I'm going to take a bit of a punt here, but I reckon it's a fairly safe bet that you won't like the styling of the Mugen version of the Honda CR-Z.
No doubt there will be a few of you for whom the be-winged, be-spoilered and be-side skirted looks push the right buttons, but I don't think I'm going out on all that much of a limb if I say that you won't be in a majority...
But, however dubious the looks of this one-off special, there's no denying it's an intriguing concept. Honda pitches the standard CR-Z as the world's first genuinely sporty hybrid car, but the 'sporty' aspect doesn't stand up to all that much scrutiny when you drive the car. It's a moderately spritely thing, but a total power output of 122bhp and a 0-62mph sprint posted in 9.9secs is hardly the stuff of performance legend.
Which is why bolting on a supercharger to the CR-Z is such a fascinating idea, because possibly - just possibly - it could be this which elevates the CR-Z to a genuinely sporting status. Not that Honda or Mugen would thank us for the phrase 'bolting on'.
Colin Whittamore from Mugen Euro is at pains to point out that the supercharger has been fully and thoroughly integrated into the Mugen CR-Z's drivetrain and its IMA system. The three drive modes (including a special 'MUGEN' rather than sport mode mode) are all carried over, with 50mpg easily achievable in 'eco' mode (we'll take Mr Whittamore's word for that one...).
Although this is still very much an experimental development car, the supercharger (Mugen calls it
CF for 'Integral Centrigual Forced induction) has been slotted in sympathetically and effectively and, with a bit of ECU tweakery, works pretty much in seamless harmony with the IMA electric motor and the 1.5-litre internal combustion engine.
"The idea was to use the significant advantage of the early torque provided by the Honda IMA electric motor," says Colin, "then increase the torque available from the engine progressively".
As a result, the torque curve of the CR-Z is much more like that of a conventional car. Thus (theoretically at least), this rather unusual vehicle, with its odd-tech drivetrain, 197bhp and 158lb ft of torque, should behave like a conventional, lightweight hot hatch, despite achieving this in an far from conventional way.
But theory is nothing without practice, so Honda and Mugen have kindly laid on Rockingham racetrack for us to have a little go. The first thing you notice, having got over the shock of the looks and strapped yourself in, is how 'proper' this car feels. Yes there are a lot of aftermarket bits, but this is no bare-metal-and-duct-tape hack - this is one properly built experiment.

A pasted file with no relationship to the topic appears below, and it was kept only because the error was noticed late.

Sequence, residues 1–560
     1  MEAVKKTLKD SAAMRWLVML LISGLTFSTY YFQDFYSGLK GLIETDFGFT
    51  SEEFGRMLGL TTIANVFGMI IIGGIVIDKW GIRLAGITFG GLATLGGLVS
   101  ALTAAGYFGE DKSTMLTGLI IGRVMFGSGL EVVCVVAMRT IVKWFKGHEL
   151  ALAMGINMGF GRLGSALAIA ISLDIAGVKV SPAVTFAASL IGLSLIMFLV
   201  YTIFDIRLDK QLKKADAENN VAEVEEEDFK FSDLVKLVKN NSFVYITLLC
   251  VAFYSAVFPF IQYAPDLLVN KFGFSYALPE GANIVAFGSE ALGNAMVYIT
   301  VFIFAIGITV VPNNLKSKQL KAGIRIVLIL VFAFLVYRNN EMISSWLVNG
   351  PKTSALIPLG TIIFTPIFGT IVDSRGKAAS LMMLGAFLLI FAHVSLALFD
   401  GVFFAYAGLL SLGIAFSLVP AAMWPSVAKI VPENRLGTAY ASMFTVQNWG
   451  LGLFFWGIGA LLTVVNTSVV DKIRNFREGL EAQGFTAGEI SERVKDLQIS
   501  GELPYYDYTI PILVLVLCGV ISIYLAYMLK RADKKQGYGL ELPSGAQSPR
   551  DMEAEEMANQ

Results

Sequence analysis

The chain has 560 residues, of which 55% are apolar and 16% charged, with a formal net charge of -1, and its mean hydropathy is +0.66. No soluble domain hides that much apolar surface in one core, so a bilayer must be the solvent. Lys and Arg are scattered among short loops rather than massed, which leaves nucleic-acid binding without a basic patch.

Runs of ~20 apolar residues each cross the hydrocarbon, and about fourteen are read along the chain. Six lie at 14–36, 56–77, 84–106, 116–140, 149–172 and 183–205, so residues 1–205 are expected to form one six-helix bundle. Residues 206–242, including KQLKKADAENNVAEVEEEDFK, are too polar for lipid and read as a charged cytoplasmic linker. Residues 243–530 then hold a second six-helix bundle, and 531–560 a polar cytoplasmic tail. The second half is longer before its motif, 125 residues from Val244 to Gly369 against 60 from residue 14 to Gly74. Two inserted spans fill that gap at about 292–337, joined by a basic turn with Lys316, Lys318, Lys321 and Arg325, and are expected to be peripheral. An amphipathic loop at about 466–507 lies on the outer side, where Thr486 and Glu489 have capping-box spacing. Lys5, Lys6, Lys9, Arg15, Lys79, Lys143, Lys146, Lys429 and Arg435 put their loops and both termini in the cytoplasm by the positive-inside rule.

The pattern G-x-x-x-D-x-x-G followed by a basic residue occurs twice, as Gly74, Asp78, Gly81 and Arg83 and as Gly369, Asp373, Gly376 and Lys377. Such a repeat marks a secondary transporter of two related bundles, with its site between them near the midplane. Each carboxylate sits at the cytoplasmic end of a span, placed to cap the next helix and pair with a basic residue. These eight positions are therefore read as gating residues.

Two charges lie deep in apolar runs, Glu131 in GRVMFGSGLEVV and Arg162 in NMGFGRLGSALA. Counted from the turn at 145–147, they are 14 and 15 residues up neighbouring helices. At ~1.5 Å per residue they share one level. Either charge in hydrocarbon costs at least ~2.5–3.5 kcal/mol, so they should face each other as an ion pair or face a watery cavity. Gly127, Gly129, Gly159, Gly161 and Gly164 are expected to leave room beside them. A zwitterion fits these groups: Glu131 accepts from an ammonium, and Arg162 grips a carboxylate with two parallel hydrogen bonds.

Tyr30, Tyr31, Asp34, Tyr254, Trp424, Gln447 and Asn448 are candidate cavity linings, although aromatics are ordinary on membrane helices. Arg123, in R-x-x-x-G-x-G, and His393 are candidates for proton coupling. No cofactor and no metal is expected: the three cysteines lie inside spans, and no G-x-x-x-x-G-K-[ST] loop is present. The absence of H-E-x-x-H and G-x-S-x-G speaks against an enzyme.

The second thing you notice is how damn loud the exhaust is. Apparently the original one they fitted was strangling the engine's ability to breathe. This one most definitely does not do that, but its boomy gargle would want to be toned down should a fast CR-Z ever make it anywhere near a production line.
The third thing you notice is the rev limiter. This is because, if you have any previous experience of fast Hondas, you bounce into it more than once. You see, instead of revving to 8000rpm or 9000rpm, the Mugen CR-Z butts against the roof of its revs at just 6500rpm or so. This is most definitely a different type of fast Honda. One that delivers its best with low-down power and torque.
There is a problem, however. True enough, it picks up the pace sharply and revs keenly and freely, but it doesn't actually seem all that nippy. Admittedly a wide, empty circuit such as Rockingham sucks away any real sensation of speed, but even accounting for that the Mugen seems ever-so-slightly lacking in shove. But this is still an experimental car, a first dalliance with a very new approach to fast motoring form Honda and Mugen, so we'll have to give 'em the benefit of the doubt on that one.
What there is no doubting, on the other hand, is the CR-Z Mugen's agility. Swanky carbon fibre doors save 31kg (don't expect to see that on a Honda or Mugen price list anytime soon) and combine with various other lightweight nods (including a carbon fibre bonnet and absent rear seats) to save a total of 50kg. There are also five-stage adjustable dampers, a widened track and 320mm grooved, ventilated disc brakes with chunky four-pot monoblock calipers to help slow things down.
The combination of all these factors really transforms the CR-Z, creating a flingable, grippy and fun car. The turn-in feels sharp, there's loads of grip and the CR-Z feels stable all the way through longer corners, while the brakes are truly magnificent; strong, sharp and yet easy to modulate.
The only thing that frustrates in the handling department is the fact that the front end isn't pointy enough. But no doubt you could get the back end moving around a fair bit more with a few adjustments to the suspension and create a car that would be a pointy, adjustable hoot on track days. And I never thought I would describe a hybrid as a hoot on track.
There's a lot of potential in the CR-Z Mugen, but they do need to work on that engine a little more. And, if they ever put one on sale, market it for a fair chunk cheaper than the £150k it cost to develop this one-off.
You can get bits of the Mugen CR-Z for your standard car, however, including the exhaust, wheels and suspension. That little lot will set you back £6500, mind. Whether that's worth it depends how much you value agile handling, really...
As for the rest of the car, well obviously if they made it it wouldn't cost £150k, but we doubt it would dip below £30k. But that's not really the point of the Mugen CR-Z. It is a statement of performance intent, Honda and Mugen showing us that, while we might have to embrace new technology, we won't have to give up what we love - fast cars.
Mugen Vs standard CR-Z spec: